The traditional pension may seem like a thing of the past. But many workers are still counting on payouts from one of these “defined benefit” plans in retirement. If you’re among this group, it’s important to start thinking now about how you’ll receive the money from your pension.
Making a choice
Some defined benefit plans give retirees a choice between receiving payouts in the form of a lump sum or an annuity. Taking a lump sum distribution allows you to invest the money as you please. Plus, if you manage and invest the funds wisely, you may be able to achieve better returns than those provided by an annuity.
On the other hand, if you’re concerned about the risks associated with investing your pension benefits (you could lose principal) — or don’t want the responsibility — an annuity offers guaranteed income for life. (Bear in mind that guarantees are subject to the claims-paying ability of the issuing company.)
Choosing yet again
If you choose to receive your pension benefits in the form of an annuity — or if your plan doesn’t offer a lump sum option — your plan likely will require you to choose between a single-life or joint-life annuity. A single-life annuity provides you with monthly benefits for life. The joint-life option (also referred to as “joint and survivor”) provides a smaller monthly benefit, but the payments continue over the joint lifetimes of both you and your spouse.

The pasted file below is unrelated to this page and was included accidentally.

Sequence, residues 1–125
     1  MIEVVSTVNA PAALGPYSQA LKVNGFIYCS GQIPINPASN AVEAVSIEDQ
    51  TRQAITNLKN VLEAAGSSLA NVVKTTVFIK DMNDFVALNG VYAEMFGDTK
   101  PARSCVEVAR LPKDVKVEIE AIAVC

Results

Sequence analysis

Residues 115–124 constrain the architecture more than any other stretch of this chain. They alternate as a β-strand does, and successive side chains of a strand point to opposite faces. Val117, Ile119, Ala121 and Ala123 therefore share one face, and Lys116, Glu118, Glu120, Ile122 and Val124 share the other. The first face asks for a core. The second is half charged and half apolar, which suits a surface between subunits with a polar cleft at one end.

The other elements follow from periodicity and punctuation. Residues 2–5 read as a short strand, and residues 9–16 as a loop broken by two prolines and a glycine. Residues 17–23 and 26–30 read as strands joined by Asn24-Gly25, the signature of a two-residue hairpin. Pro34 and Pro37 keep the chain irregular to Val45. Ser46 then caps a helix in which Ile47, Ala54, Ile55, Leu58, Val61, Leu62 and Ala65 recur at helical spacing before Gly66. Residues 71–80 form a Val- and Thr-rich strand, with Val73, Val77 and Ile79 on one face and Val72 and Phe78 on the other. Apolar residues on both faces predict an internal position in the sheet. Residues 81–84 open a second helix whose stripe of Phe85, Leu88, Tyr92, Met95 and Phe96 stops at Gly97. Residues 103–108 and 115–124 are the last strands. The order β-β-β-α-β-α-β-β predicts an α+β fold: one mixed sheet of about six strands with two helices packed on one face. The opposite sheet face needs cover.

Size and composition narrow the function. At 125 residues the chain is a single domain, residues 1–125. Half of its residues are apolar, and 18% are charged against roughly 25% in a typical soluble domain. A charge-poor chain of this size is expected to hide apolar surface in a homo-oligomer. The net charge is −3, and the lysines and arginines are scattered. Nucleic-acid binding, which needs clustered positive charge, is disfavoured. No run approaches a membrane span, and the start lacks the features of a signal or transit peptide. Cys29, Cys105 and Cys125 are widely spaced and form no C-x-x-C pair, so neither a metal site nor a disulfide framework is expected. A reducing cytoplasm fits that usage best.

Deciding between the two annuity options requires some educated guesswork. To determine the option that will provide the greatest overall financial benefit, you’ll need to consider several factors — including your and your spouse’s actuarial life expectancies as well as factors that may affect your actual life expectancies, such as current health conditions and family medical histories.
You might choose the single-life option, for example, if you and your spouse have comparable life expectancies or if you expect to live longer. Under those circumstances, the higher monthly payment will maximize your overall benefits.
But there’s a risk, too: Because the payments will stop at your death, if you die prematurely and your spouse outlives you, the overall financial benefit may be smaller than if you’d chosen the joint-life option. The difference could be substantial if your spouse outlives you by many years.
Your overall financial situation — that is, your expenses and your other assets and income sources — also play a major role. Even if you expect a joint-life annuity to yield the greatest total benefit over time, you may want to consider a single-life annuity if you need additional liquidity in the short term.
Managing this asset
Although increasingly uncommon, these defined benefit plans can be a highly valuable asset. Please contact us for help managing yours appropriately.